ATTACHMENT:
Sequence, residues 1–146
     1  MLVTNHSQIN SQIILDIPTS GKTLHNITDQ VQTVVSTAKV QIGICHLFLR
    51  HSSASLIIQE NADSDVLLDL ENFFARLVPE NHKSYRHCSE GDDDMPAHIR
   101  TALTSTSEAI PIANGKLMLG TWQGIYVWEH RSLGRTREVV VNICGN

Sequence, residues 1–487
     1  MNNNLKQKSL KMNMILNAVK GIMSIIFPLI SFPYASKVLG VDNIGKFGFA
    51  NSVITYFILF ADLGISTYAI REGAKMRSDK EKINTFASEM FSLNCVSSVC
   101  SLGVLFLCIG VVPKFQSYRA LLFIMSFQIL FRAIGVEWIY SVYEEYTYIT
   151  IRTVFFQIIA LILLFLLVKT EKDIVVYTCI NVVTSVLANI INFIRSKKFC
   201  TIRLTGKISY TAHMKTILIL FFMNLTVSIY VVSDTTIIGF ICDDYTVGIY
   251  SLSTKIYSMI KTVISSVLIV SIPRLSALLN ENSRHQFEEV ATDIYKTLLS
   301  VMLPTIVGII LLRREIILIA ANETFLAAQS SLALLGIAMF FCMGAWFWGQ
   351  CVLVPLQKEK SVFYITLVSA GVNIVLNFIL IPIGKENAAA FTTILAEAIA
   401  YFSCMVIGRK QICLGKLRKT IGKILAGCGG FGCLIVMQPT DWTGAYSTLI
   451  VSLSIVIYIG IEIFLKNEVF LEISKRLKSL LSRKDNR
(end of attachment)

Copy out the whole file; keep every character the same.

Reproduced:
Sequence, residues 1–146
     1  MLVTNHSQIN SQIILDIPTS GKTLHNITDQ VQTVVSTAKV QIGICHLFLR
    51  HSSASLIIQE NADSDVLLDL ENFFARLVPE NHKSYRHCSE GDDDMPAHIR
   101  TALTSTSEAI PIANGKLMLG TWQGIYVWEH RSLGRTREVV VNICGN

Sequence, residues 1–487
     1  MNNNLKQKSL KMNMILNAVK GIMSIIFPLI SFPYASKVLG VDNIGKFGFA
    51  NSVITYFILF ADLGISTYAI REGAKMRSDK EKINTFASEM FSLNCVSSVC
   101  SLGVLFLCIG VVPKFQSYRA LLFIMSFQIL FRAIGVEWIY SVYEEYTYIT
   151  IRTVFFQIIA LILLFLLVKT EKDIVVYTCI NVVTSVLANI INFIRSKKFC
   201  TIRLTGKISY TAHMKTILIL FFMNLTVSIY VVSDTTIIGF ICDDYTVGIY
   251  SLSTKIYSMI KTVISSVLIV SIPRLSALLN ENSRHQFEEV ATDIYKTLLS
   301  VMLPTIVGII LLRREIILIA ANETFLAAQS SLALLGIAMF FCMGAWFWGQ
   351  CVLVPLQKEK SVFYITLVSA GVNIVLNFIL IPIGKENAAA FTTILAEAIA
   401  YFSCMVIGRK QICLGKLRKT IGKILAGCGG FGCLIVMQPT DWTGAYSTLI
   451  VSLSIVIYIG IEIFLKNEVF LEISKRLKSL LSRKDNR